Third, defendants object to plaintiff's reliance on emails between Rachael Seevers (an attorney with Disability Rights Washington who appears to have assisted plaintiff before plaintiff filed this case) and Dan Karasic, M.D. (a professor of psychiatry). See Dkt. 38, at 2; Dkt. 33-1, at 179. In these emails, which plaintiff offers as expert opinion testimony regarding whether the personality testing ordered by the GD-CRC was medically appropriate, Dr. Karasic stated that “[n]either personality testing nor projective testing have any place in the evaluation of people for hormones.” Dkt. 38, at 2; see Dkt. 33-1, at 180.

         Defendants are correct that this statement is hearsay, offered without an exception-and therefore is inadmissible. Moreover, even if plaintiff offered a hearsay exception or the evidence could be presented in an admissible form, this statement is offered as an expert opinion regarding the standard of care for GD patients. Rule 702 of the Federal Rules of Evidence requires that, among other things, the proffered expert opinion be based on sufficient facts or data and the product of reliable principles and methods and that the expert must have “reliably applied the principles and method to the facts of the case.” Here, Dr. Karasic does not explain the basis for his conclusory statement about projective and personal testing, nor does he explain whether this statement applies to plaintiff's particular case or is a general, abstract principle. Without more explanation about the basis for this opinion, it does not meet the requirements of Rule 702. The motion to strike Dr. Karasic's opinion about personality or projective testing is granted.

         Finally, defendants submitted supplemental evidence in support of their cross-motion after the noting date for summary judgment, when this Court granted their motion to compel. See Dkts. 46, 47. This evidence consists primarily of plaintiff's responses to interrogatories, in which she identifies “no physical harm” that resulted from a particular “act” by defendant Light, Gage, or Herrington, since her claim is premised on a “failure to act.” E.g., Dkt. 47, at 8. The Court has considered this supplemental evidence in making a recommendation on the parties' motions for summary judgment, although the Court does not find that any of this evidence is material to the analysis below. The Court has also considered plaintiff's arguments in her response to the supplemental evidence, to the extent that they are offered in support of her summary judgment motion and in opposition to defendants' cross motion for summary judgment. See Dkt. 48.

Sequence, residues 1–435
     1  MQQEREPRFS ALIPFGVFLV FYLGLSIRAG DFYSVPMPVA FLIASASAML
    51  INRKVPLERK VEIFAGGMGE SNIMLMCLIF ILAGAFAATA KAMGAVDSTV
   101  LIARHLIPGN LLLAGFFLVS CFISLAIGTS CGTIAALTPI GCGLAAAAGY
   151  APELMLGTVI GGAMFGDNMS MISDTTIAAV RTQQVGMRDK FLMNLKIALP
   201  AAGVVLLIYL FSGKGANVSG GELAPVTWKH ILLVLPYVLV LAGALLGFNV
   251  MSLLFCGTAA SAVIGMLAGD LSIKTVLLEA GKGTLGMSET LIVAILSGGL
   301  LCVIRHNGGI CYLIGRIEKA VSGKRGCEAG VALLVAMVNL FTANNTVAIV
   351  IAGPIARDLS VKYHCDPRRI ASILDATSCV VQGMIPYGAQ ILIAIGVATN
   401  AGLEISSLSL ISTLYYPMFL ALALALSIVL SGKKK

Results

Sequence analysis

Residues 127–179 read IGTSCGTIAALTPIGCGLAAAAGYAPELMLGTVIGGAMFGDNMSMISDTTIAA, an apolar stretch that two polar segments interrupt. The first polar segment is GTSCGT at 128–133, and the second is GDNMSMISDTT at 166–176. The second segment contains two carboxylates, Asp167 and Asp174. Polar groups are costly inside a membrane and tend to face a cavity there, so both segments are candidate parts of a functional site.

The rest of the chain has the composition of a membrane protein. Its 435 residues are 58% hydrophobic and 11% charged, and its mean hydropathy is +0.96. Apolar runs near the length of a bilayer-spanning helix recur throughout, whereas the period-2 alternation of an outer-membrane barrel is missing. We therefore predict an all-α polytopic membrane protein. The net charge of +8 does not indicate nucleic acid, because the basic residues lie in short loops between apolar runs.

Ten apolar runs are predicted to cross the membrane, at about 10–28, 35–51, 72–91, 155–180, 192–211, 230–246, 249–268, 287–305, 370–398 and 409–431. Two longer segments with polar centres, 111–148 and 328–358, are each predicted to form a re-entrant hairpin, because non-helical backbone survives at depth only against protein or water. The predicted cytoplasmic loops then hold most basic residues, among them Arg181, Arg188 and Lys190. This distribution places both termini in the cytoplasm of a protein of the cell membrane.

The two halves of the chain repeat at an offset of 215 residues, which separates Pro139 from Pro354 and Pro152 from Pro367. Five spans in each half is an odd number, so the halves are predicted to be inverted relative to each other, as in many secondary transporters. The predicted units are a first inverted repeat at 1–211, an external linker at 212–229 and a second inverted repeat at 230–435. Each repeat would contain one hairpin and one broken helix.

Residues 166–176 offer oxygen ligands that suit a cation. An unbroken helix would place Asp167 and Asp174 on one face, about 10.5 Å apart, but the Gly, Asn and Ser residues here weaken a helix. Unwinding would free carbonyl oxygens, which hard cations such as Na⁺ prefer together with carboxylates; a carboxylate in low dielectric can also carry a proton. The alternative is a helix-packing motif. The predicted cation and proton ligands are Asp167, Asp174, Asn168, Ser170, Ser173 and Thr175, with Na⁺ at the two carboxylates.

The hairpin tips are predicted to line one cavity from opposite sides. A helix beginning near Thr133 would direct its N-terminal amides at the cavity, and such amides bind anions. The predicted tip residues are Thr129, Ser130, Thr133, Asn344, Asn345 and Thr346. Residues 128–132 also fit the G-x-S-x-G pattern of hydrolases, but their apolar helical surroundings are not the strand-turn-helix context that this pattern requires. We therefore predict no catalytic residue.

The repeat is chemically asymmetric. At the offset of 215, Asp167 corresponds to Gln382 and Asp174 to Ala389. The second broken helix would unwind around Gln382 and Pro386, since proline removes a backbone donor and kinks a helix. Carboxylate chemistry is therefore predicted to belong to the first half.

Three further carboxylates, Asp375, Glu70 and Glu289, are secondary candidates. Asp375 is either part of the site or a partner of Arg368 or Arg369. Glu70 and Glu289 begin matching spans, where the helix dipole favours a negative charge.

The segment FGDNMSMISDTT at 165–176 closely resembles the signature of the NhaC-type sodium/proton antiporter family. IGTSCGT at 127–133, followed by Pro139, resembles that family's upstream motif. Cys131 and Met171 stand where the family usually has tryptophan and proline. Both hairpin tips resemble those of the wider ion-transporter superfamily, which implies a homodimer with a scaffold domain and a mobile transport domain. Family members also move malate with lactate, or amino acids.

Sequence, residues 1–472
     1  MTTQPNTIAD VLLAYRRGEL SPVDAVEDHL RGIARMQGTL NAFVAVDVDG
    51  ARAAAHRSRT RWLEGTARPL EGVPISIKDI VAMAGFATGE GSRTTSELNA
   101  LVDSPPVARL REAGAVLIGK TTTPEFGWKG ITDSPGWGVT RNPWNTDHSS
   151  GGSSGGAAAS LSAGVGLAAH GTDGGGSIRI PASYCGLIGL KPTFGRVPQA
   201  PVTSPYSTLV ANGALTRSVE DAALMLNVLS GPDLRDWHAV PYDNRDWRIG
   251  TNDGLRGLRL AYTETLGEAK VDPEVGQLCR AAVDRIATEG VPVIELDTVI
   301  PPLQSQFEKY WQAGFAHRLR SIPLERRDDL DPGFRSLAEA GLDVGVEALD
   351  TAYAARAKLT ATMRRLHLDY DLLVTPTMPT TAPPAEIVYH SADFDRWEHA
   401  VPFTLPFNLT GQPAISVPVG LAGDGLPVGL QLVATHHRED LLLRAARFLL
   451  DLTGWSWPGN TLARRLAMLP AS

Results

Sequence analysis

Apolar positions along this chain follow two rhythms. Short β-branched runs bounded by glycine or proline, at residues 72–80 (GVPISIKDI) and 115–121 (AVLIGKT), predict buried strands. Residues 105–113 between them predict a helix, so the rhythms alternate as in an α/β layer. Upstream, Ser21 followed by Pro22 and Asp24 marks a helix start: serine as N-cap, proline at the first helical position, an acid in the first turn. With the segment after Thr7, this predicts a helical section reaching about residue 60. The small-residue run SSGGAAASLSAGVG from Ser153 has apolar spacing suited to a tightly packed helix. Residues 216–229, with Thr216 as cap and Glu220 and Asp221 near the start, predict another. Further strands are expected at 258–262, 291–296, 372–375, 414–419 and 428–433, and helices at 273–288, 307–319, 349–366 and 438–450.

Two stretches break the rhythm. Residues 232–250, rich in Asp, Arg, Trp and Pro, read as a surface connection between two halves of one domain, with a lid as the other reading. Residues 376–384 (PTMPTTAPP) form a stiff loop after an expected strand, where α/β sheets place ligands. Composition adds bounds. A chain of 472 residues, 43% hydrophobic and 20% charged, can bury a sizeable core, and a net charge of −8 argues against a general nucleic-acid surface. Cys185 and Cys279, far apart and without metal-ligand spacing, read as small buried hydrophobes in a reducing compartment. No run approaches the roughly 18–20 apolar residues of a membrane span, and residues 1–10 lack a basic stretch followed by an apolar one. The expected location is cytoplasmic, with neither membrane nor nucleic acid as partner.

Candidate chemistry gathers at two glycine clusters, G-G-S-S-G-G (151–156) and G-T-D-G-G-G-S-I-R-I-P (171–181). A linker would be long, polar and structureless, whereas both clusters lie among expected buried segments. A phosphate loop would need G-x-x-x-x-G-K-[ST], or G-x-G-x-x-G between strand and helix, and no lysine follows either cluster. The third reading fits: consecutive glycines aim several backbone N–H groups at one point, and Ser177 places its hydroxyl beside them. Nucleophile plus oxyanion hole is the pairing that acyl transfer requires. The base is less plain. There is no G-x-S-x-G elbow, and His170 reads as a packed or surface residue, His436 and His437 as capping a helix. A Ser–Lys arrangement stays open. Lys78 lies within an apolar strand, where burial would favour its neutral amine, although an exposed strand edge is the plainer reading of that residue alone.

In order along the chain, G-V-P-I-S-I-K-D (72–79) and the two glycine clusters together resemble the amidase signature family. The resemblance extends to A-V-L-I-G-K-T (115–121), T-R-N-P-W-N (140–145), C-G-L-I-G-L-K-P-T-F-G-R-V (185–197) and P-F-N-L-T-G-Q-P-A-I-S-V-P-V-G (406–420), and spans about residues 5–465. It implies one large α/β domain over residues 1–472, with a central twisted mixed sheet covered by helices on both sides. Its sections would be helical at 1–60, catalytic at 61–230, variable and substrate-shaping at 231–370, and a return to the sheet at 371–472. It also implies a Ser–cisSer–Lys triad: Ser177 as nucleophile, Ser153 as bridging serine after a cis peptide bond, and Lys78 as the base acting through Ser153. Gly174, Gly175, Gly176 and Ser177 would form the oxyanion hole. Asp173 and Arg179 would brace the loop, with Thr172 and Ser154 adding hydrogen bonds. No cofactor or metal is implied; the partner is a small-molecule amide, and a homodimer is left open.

II. Legal Principles

         A. Summary Judgment

         Summary judgment is appropriate “if the movant shows that there is no genuine dispute as to any material fact and the movant is entitled to judgment as a matter of law.” Fed.R.Civ.P. 56(a). “In ruling on a motion for summary judgment, ‘[t]he evidence of the nonmovant is to be believed, and all justifiable inferences are to be drawn in [the nonmovant's] favor.'” Moldex-Metric, Inc. v. McKeon Prods., Inc., 891 F.3d 878, 881 (9th Cir. 2018) (quoting Anderson v. Liberty Lobby, Inc., 477 U.S. 242, 255 (1986)). Further, “‘courts should construe liberally motion papers and pleadings filed by pro se inmates and should avoid applying summary judgment rules strictly.'” Soto v. Sweetman, 882 F.3d 865, 872 (9th Cir. 2018) (quoting Thomas v. Ponder, 611 F.3d 1144, 1150 (9th Cir. 2010); see also Blaisdell v. Frappiea, 729 F.3d 1237, 1241 (9th Cir. 2013) (a court must not hold “missing or inaccurate legal terminology or muddled draftsmanship against” a pro se inmate).

         Because plaintiff is pro se, all of her contentions in motions and pleadings that are made under penalty of perjury, based on personal knowledge, and set forth facts that would be admissible in evidence will be considered in ruling on the cross motions for summary judgment. See Jones v. Blanas, 393 F.3d 918, 923 (9th Cir. 2004).

         B. Section 1983 and the Eighth Amendment

         To prevail in a § 1983 action, a plaintiff must show “(1) a violation of rights protected by the Constitution or created by federal statute, (2) proximately caused (3) by conduct of a “person” (4) acting under color of ...